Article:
“I was skiing with [now daughter-in-law] Joelle [O’Connor] and had to stop four times from the top of the Greyhawk lift to the bottom of Warm Springs,” Jim said. “I was getting lapped by my wife, my kids, friends of mine who I knew didn’t ski as well as I did. I knew what a good skier I had been and that I could be but my body couldn’t do it. It was so frustrating.”

Planning to return to fighting (and skiing) form, Jim committed to diet and exercise. The dieting part was problematic. He needed LapBand surgery to make his stomach smaller and to help him to feel “full.” Also, Jim said, “I had diabetes that I had to treat numerous times a day. I was on all sorts of medication. It was unacceptable.” So, surgery and a firm commitment to redirecting his life were what the doctor ordered. And a lifestyle change was what Jim ordered. 

He and Nancy began to spend more time in Sun Valley. Along with the move and his diminishing belt size came a renewed passion for skiing and a dedication to incorporating the sport into his new active day-to-day pursuits.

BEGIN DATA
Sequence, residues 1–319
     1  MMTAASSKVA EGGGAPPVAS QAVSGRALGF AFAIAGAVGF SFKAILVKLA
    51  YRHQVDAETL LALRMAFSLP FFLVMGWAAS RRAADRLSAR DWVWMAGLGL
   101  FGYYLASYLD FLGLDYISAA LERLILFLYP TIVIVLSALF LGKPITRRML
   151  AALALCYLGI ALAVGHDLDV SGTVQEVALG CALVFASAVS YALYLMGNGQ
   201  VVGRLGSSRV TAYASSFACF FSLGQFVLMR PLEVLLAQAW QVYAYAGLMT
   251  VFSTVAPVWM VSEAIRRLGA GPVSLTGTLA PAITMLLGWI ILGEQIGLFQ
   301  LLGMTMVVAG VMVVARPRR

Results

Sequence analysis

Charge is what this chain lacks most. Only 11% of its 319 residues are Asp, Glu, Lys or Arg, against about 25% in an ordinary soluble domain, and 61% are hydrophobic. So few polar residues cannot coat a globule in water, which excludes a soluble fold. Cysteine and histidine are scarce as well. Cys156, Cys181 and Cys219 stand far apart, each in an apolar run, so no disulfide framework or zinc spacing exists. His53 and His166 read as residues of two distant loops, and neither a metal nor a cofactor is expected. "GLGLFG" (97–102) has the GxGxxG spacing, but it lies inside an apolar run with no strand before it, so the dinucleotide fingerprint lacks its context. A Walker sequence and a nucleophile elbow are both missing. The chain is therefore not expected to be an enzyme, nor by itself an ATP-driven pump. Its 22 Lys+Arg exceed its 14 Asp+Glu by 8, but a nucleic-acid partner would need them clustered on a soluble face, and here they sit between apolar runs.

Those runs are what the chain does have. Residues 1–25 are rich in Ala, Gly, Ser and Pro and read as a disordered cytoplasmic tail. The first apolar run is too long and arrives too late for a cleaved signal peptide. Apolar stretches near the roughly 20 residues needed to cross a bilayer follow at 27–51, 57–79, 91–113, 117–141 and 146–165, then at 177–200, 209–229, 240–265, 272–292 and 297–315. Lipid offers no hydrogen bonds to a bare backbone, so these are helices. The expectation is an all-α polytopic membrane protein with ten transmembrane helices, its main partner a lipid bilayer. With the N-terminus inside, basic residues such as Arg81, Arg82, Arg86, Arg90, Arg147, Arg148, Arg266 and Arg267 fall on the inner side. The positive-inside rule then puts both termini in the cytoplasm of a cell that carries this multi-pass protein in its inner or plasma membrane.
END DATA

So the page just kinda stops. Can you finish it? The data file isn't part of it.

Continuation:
“It was self-fulfilling,” Jim said. “To enjoy skiing again and to ski as well as I knew I could, I needed to remain committed to staying fit. Skiing helped me stay fit and active. Once the excess weight was gone, the passion returned, the speed returned, the stamina returned. My health returned. Now it is obviously a critical part of every day of the winter for me.”

Today, Jim’s skiing routine is pretty fixed day-over-day from mid-November through mid-April. He and his ski buddies Al, Steve, Mike and Mark, give or take a few, meet at the mountain with the goal of being on the 9 a.m. chair or gondola. At the base of River Run, they take over the “good old boys” table near the stairs and prepare for the day.

The group skis all terrain and all conditions. Usually, they head over to Seattle Ridge and hit all three doors as a warm-up, but from there, their day, which normally ends around 2:30 or 3 p.m. (so they can get some work in), takes them all over the hill.  After a snowfall, Jim said there’s a 90 percent likelihood you’ll find him in Mayday Bowl, but he skis everything and skis it pretty darn fast. No more stopping on the way down to catch his breath. Jim also skis regularly with his son and his friends.